final until disposition of any timely and authorized motion
under Fla. R. App. P. 9.330 or 9.331.
Petition for Writ of Prohibition-Original Jurisdiction.
Joseph Carbone III, St. Augustine; Sonya Rudenstine,
Gainesville; for Petitioner.
Moody, Attorney General, Steven Edward Woods, Assistant
Attorney General, Tallahassee; Sheena H. Rickerson, Assistant
State Attorney, Live Oak; for Respondent.
seeks a writ of prohibition to reverse the trial court's
order denying his motion for immunity from prosecution under
sections 776.032(1), 776.012, and 776.013, Florida Statutes,
arguing that Petitioner was justified in using force against
the victim because he reasonably believed such force was
necessary to defend his wife against the victim's
imminent use of unlawful force. We affirm.
trial court conducted a hearing where witnesses testified as
to what occurred and security footage of the incident was
played. The incident occurred at a country music festival
that the victim, Petitioner, and Petitioner's wife
attended. The victim knew Petitioner and his wife prior to
the night of the altercation. Petitioner's wife and the
victim got into an altercation over something the victim said
to the Petitioner's wife. Petitioner's wife shattered
a beer bottle she was holding and began striking the victim.
the altercation, Petitioner came up behind the victim,
grabbed her, and threw her to the ground, laid on top of her
and said, "You f---ing b----, you'll never hit my
wife again." Petitioner's wife then began striking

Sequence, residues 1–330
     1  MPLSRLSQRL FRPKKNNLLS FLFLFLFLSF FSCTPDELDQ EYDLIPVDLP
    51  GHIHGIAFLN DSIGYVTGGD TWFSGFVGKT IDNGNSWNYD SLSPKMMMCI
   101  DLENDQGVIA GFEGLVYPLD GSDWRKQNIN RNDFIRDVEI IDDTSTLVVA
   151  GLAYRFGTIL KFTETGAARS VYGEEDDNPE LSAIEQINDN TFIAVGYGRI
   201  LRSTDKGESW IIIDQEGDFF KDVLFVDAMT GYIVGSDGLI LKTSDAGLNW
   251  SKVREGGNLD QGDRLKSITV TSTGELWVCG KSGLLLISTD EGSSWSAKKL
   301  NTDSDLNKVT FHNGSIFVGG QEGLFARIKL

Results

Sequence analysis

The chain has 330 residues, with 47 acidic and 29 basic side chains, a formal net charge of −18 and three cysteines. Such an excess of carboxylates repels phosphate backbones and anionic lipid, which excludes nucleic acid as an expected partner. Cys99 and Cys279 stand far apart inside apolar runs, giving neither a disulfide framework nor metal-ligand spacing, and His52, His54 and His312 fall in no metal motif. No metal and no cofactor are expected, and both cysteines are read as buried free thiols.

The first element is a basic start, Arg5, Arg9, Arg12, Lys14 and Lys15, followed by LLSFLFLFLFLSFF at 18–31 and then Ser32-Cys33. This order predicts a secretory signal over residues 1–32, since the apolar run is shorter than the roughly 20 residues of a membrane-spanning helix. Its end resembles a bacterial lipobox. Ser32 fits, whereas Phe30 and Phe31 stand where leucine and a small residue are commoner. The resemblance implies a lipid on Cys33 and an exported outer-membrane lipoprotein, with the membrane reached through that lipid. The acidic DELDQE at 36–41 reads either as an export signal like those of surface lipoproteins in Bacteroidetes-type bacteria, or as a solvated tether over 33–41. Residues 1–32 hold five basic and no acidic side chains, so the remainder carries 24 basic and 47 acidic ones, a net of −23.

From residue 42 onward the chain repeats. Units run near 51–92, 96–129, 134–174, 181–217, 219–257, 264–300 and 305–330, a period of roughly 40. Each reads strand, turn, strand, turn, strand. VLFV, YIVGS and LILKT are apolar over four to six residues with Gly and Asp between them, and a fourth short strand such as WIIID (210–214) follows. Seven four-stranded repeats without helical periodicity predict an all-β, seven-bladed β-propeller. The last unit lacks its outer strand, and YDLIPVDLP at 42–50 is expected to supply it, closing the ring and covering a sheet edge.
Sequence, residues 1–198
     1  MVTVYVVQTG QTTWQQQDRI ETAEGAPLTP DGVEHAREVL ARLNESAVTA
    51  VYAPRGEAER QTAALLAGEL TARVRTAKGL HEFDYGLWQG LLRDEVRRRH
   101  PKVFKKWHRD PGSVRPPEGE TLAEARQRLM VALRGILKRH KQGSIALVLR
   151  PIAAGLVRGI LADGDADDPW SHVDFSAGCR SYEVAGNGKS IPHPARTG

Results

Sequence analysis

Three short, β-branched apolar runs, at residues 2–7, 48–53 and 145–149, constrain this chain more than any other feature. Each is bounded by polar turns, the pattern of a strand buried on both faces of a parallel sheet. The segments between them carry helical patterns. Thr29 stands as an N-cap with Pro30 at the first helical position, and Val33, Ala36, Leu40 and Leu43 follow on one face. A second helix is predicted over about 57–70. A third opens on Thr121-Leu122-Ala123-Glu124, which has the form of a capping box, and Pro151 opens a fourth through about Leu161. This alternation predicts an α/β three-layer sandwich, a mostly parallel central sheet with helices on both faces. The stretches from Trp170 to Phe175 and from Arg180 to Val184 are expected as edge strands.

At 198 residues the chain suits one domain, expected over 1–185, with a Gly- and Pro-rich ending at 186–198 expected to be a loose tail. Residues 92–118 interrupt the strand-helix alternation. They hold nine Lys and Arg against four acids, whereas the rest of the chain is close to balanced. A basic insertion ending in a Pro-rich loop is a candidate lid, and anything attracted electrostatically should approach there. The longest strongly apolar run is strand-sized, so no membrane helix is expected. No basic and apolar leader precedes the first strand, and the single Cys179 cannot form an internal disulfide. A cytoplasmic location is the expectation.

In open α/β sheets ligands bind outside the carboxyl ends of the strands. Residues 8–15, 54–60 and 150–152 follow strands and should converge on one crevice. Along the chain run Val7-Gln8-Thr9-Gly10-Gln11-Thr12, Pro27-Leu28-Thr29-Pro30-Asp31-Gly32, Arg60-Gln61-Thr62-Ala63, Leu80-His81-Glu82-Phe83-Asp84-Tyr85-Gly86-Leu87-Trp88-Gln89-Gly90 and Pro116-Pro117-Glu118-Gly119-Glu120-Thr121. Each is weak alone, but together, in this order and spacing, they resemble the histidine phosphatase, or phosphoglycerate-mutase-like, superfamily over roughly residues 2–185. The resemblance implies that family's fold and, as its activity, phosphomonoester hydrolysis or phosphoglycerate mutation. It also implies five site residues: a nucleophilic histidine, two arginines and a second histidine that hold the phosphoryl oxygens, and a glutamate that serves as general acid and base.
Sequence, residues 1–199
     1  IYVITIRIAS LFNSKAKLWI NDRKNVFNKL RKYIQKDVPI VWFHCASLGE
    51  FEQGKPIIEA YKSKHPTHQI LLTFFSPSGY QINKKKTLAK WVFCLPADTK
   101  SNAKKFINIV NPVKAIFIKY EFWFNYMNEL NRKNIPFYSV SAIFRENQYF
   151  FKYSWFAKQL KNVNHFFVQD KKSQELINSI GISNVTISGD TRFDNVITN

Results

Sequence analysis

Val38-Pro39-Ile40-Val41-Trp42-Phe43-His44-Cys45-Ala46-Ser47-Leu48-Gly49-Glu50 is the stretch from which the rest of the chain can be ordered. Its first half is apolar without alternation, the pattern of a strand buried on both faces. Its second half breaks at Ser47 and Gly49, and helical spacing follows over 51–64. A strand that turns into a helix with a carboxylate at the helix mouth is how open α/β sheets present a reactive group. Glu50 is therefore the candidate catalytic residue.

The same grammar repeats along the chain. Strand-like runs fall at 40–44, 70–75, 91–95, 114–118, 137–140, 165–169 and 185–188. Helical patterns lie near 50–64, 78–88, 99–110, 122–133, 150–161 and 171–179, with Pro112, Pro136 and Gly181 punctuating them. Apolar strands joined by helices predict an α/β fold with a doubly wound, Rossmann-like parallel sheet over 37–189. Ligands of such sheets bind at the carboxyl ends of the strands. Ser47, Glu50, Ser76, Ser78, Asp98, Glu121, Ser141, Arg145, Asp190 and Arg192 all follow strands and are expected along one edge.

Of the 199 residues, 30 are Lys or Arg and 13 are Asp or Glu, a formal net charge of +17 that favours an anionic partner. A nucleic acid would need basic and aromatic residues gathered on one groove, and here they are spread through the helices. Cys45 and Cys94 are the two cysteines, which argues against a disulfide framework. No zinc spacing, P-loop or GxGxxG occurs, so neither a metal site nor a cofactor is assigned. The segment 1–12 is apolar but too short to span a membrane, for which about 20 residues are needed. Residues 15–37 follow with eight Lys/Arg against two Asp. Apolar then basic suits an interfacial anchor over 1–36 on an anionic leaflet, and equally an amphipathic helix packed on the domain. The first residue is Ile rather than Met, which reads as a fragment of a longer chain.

the victim in her face. Petitioner stopped hitting the victim
when a woman told him to stop; Petitioner's wife then
began to walk away, saying "We got to go. She's
bleeding real bad."
result of the altercation, the victim spent four days in the
hospital. Hospital employees told her that she lost four or
five liters of blood. She had plastic surgery to repair her
face, ear, and throat. Some of her facial nerves had been
cut. She had two surgeries to repair her vocal cords, and one
still does not work. She has scars on her face, ear, neck,
chest, and shoulder.
trial court entered an order denying Petitioner's
"Motion for Determination of Immunity from
Prosecution." The trial court found, based on witness
testimony and the security footage, that Petitioner was not
entitled to use force against the victim; the court found
that the evidence did not support Petitioner's argument
that he was entitled to use force to prevent injury to his
Stand Your Ground law confers immunity from prosecution if an
individual uses deadly force in accordance with section
776.012(2), Florida Statutes." Fletcher v.
State, 273 So.3d 1187, 1189 (Fla. 1st DCA 2019); §
776.032(1), Fla. Stat. (2018). Section 776.012(2), allows an
individual to use or threaten to use deadly force "if he
or she reasonably believes that using or threatening to use
such force is necessary to prevent imminent death or great
bodily harm to himself or herself or another or to prevent
the imminent commission of a forcible felony."
defendant files a motion to dismiss under section 776.012(2),
the trial court must conduct an evidentiary hearing and weigh
the factual evidence presented. Dennis v. State, 51
So.3d 456, 458 (Fla. 2010). "[O]nce a criminal defendant
raises 'a prima facie claim of self-defense
immunity,' then 'the burden of proof by clear and
convincing evidence is on the party seeking to overcome the
immunity.'" Hicks v. State, 277 So.3d 153,
154 (Fla. 1st DCA 2019) (quoting § 776.032(4), Fla.
Stat. (2018)).[*] Under the appellate court's
standard of review, the trial court's factual findings
are "presumed correct and can be reversed only if they
are not ...